Release of the Environmental Assessment is pushed back until late February, but public comment will still only be allowed for 30 days.

COURTESY ODOT - A portion of the I-5 Rose Quarter Improvement Project map.The Oregon Department of Transportation has rejected a request from an organization opposed to reworking the freeways in the Rose Quarter area for more public comment time on the current proposal.

The No More Freeway Expansion Coalition had asked ODOT on Nov. 28 for more than 30 days for public comment on the Environmental Assessment of the I-5 Rose Quarter Improvement Projects that is in the works.

Project Manager Megan Channell wrote back on Jan. 11 to say ODOT would not extend the comment period an additional 60 days, as the coalition has requested. However, Channell said the release of the evaluation had been delayed from early January to late February to avoid conflicts with holidays, including Martin Luther King Jr. Day on Jan. 21. In addition, Channell promised ODOT would hold a open houses and a public hearing on the assessment in March.

"We also have a robust plan for sharing the report findings, including multiple community presentations on top of the open houses and public hearing. The project team will also be made available during the public comment period to help answer any questions," Channell wrote.

The project is intended to realign the complex I-5 and I-84 interchanges in the Rose Quarter area and improve bike and pedestrian crossings over the freeways. It has been in the works for many years and is supported by the Oregon Legislature and the Portland City Council, pending its final design and funding.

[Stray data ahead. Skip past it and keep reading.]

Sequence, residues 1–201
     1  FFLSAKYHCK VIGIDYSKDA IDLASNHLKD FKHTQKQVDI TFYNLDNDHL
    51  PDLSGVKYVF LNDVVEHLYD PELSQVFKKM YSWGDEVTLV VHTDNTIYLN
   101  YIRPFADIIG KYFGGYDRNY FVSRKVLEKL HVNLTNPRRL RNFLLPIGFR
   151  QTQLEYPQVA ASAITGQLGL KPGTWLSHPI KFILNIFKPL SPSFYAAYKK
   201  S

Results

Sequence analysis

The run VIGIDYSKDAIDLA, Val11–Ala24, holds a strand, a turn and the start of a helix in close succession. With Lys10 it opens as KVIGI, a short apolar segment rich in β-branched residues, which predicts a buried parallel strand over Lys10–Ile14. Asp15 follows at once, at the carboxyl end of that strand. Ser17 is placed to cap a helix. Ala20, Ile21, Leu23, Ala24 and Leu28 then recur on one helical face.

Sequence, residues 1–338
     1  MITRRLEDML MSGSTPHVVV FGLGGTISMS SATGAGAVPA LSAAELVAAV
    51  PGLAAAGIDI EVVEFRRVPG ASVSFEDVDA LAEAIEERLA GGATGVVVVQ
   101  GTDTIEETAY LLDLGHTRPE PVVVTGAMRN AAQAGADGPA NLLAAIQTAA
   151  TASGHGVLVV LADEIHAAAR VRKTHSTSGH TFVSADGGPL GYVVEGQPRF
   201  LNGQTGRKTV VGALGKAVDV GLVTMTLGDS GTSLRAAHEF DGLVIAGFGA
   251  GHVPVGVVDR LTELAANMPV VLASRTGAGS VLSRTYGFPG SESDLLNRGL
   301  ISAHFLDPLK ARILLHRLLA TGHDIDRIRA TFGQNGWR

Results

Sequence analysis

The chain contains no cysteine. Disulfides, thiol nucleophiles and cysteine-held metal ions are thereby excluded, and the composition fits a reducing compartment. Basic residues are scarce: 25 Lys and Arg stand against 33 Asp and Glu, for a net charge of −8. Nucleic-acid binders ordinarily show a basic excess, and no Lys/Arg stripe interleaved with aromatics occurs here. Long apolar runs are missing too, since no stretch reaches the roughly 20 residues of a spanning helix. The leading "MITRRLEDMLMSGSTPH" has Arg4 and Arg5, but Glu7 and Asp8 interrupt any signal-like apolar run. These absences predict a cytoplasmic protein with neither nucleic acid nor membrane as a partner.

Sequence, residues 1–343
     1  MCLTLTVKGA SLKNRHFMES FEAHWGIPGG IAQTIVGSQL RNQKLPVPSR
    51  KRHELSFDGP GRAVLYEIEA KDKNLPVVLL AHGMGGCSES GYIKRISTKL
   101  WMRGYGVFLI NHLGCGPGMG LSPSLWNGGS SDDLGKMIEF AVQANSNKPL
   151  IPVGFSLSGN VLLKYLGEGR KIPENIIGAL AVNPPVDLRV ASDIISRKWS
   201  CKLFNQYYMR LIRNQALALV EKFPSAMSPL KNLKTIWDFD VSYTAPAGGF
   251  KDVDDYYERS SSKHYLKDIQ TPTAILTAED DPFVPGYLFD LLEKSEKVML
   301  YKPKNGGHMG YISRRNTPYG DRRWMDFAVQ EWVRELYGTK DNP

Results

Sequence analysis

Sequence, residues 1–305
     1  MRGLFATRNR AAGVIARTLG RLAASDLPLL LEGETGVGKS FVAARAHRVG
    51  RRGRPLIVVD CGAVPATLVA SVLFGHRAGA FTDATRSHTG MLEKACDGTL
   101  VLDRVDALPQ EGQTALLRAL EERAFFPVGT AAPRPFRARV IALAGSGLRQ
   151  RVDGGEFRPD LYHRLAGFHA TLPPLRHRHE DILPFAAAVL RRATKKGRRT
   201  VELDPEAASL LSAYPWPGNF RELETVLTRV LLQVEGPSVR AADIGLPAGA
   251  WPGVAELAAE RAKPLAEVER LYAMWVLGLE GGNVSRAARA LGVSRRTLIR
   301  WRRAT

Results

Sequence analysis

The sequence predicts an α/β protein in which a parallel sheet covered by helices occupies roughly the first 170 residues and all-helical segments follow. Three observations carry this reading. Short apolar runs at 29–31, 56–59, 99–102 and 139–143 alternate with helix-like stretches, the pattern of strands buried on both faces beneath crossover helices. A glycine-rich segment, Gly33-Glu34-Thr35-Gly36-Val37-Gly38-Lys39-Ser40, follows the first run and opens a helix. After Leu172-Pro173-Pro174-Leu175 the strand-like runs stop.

"We are imagining a new Rose Quarter area, where cars and freight trucks on I-5 have more space and time to merge while traveling through the area; where people walking and biking can comfortably cross a bridge over I-5 that is designed just for them; where getting from the Broadway Bridge to the Lloyd area feels less daunting for those who walk, bike and drive," reads the project website.

The cost is currently estimated at around $500 million. The 2017 Oregon Legislature directed the Oregon Transportation Commission to ask the Federal Highway Administration for permission to toll parts or all of I-5 in Portland to help pay for it. The FHWA said the project "likely" qualifies for tolling on Jan 8.

As the coalition's name says, it is opposed to any project that increases freeway capacity, even adding or lengthening on-and-off lanes in the Rose Quarter area.

"As community advocates, local business owners and elected officials concerned about the impacts this project may have on the North Portland community and the region as a whole, we are concerned that the 30-day public comment period will not give community advocates enough time to meaningfully review and provide feedback on ODOT's findings," read the group's Nov. 28 letter, which was signed by representatives of over 25 organizations and businesses.

In response to the ODOT letter, the coalition tweeted, "The good news: there will be an public event to submit testimony in March. Stay tuned, we're gonna turn it into a helluva party."

You can read the ODOT letter here.

You can read a previous Portland Tribune story in the issue here.

You can learn more about the project at

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